Abstract: This article provides a new test for sphericity of the covariance matrix of a d-dimensional multinormal population X ∼ Nd(µ,Σ). This test is applicable if the sample size, n + 1, and d both go to infinity while d/n → y ∈ (0,∞), provided that the limits of tr(Σk)/d, k = 1,...,8, are finite. The main idea of this test is to check whether the empirical eigenvalue distribution of a suitably standardized sample covariance matrix obeys the semicircle law. Due to similarities of the semicircle law to the normal distribution, the proposed test statistic is of the type of the Jarque-Bera test statistic. Simulation results show that the new sphericity test outperforms the tests from the current literature for certain local alternatives if y is small. --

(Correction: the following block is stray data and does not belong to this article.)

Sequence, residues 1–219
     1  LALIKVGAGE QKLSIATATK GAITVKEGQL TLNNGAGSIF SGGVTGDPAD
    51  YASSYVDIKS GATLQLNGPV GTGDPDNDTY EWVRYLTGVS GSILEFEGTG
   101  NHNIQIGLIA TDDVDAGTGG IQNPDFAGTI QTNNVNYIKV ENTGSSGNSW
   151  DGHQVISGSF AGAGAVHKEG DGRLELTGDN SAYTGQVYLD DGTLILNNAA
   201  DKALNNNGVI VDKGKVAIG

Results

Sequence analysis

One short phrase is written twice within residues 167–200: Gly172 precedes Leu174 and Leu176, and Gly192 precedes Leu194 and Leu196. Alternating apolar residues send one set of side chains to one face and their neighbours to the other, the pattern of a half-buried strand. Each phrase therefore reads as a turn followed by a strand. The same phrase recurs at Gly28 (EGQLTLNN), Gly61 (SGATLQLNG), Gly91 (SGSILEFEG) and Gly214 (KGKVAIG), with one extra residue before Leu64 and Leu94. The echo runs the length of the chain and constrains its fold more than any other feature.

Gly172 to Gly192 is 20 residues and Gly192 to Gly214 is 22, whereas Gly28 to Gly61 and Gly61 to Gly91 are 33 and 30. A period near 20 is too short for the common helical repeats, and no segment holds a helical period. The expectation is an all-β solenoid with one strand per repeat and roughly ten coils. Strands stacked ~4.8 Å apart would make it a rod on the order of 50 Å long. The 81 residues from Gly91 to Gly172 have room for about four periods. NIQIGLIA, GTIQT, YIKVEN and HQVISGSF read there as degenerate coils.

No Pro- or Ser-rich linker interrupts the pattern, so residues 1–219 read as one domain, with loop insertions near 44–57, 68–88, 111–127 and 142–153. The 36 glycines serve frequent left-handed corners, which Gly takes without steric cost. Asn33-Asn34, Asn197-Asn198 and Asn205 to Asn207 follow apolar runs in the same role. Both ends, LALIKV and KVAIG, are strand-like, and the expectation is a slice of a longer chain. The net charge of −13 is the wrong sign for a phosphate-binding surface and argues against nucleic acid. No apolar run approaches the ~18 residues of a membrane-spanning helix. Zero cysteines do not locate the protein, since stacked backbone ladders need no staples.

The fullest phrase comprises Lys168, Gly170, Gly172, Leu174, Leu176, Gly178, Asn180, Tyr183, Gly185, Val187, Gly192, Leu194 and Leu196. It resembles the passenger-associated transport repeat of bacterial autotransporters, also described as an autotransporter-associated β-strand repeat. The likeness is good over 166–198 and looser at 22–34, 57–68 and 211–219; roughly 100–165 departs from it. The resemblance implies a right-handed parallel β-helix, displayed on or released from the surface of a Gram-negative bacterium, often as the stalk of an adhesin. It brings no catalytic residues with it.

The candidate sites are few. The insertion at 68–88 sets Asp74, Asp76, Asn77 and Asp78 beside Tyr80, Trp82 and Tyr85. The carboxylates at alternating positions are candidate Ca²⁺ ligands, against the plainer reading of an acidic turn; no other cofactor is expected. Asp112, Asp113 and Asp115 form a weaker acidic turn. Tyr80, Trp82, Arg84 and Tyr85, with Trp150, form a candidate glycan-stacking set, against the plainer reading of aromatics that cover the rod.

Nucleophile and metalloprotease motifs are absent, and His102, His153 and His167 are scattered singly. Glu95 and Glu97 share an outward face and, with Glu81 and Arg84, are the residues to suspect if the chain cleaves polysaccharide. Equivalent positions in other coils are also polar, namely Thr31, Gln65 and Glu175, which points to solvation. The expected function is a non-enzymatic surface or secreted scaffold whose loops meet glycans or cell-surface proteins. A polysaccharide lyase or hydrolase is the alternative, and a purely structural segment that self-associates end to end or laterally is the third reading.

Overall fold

Keywords: Test for covariance matrix,High-dimensional data,Spectral distribution,Semicircle law,Free cumulant,Jarque-Bera test
    Date: 2013
  8. By: Jennifer Castle; David Hendry
    Abstract: We consider model selection for non-linear dynamic equations with more candidate variables than observations, based on a general class of non-linear-in-the-variables functions, addressing possible location shifts by impulse-indicator saturation.  After an automatic search delivers a simplified congruent terminal model, an encompassing test can be implemented against an investigator's preferred non-linear function.  When that is non-linear in the parameters, such as a threshold model, the overall approach can only be semi-automatic.  The method is applied to re-analyze an empirical model of real wages in the UK over 1860-2004, updated and extended to 2005-2011 for forecast evaluation.
    Keywords: Non-linear models, location shifts, model selection, autometrics, impulse-indicator saturation